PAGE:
Companion Advisor: Retirement
Women and RRSPs: Just do it!
A generation ago, Canadians subscribed to a more
traditional role for women, one in which women married in their twenties,
started a family and may only have rejoined the workforce after their
youngest child was in school. Their retirement was supposed to be provided
for by government programs and by their spouse. These days, women are
increasingly expected to take care of their own financial futures. The
reasons are compelling:
Women tend to outlive men. According to 1990 Statistics Canada data, women
lived to age 80 on average, as opposed to age 74 for men.
Women have less time to build up retirement funds. A study by Monica Townson
for the Canadian Advisory Council on the Status of Women, released in
1995 and entitled Women's Financial Futures: Mid-Life Prospects for a
Secure Retirement, found that women aged 45 to 54 may have willingly given
up some of their working lives to raise their children but almost three-quarters
of them earn their own income now. They have only two decades of employment
to save for their retirement, instead of the four decades that most men
What are women doing about these new realities? Only about 20 per cent
of women who filed income tax returns in 1991 contributed to RRSPs.
As Ann Landers would say, it's time to wake up and smell the coffee!
If you're female and want to ensure financial dignity in your retirement,
seriously consider these suggestions:
Make as large an RRSP contribution as you can afford, every single year,
starting right now. If possible, make up for past years when you couldn't
contribute the maximum. You are entitled to carry
forward unused contributions indefinitely, going back to 1991.
If you are a married woman who has never worked outside the home, educate
yourself on your family's entire financial situation including your assets
Ask your partner about their pension
plan, for instance. After their death it may disappear, drop by half,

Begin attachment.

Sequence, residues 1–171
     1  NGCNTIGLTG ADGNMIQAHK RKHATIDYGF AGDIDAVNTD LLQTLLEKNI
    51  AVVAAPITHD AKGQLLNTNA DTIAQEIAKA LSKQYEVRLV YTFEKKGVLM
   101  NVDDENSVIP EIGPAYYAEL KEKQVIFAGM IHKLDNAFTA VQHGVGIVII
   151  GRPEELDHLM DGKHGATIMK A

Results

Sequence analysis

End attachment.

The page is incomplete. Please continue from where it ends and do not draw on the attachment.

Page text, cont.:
provide you with a lump sum or only pay for a few years. Also, inquire
about your partner's life insurance as you may require your own coverage
to carry you through until your own retirement. Determine what you've
got in RRSPs -- yours, your partner's, and spousal plans. You don't want
to have to scramble for any of this information late in life, especially
if you are on your own.
Speaking of spousal
RRSPs, they can help you build equal retirement assets and ultimately
earn approximately equal incomes during your golden years. Your partner
can buy you a spousal RRSP instead of making an RRSP contribution in their
own name. They get the tax deduction, and you get the money in your hands.
As long as you leave the money in your RRSP for at least three years,
the money will also be taxable in your (presumably) lower-income hands
when it comes out. Reverse this strategy, of course, if you make more
money than your partner.
Ensure that you are the designated beneficiary
of your partner's RRSPs. Their contents can then roll directly over into
RRSPs in your name upon their death, without the time and cost of probate.
Even if your marriage is built upon the rock of Gibraltar, arrange for
some assets in your own name. Investments are good for your self-esteem,
and if you apply yourself, you may even give your spouse a run for the
money in financial planning.
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© 1997, Fiscal Agents Money Management Newsletter
25 Lakeshore Road, Oakville, On L6K 1C6.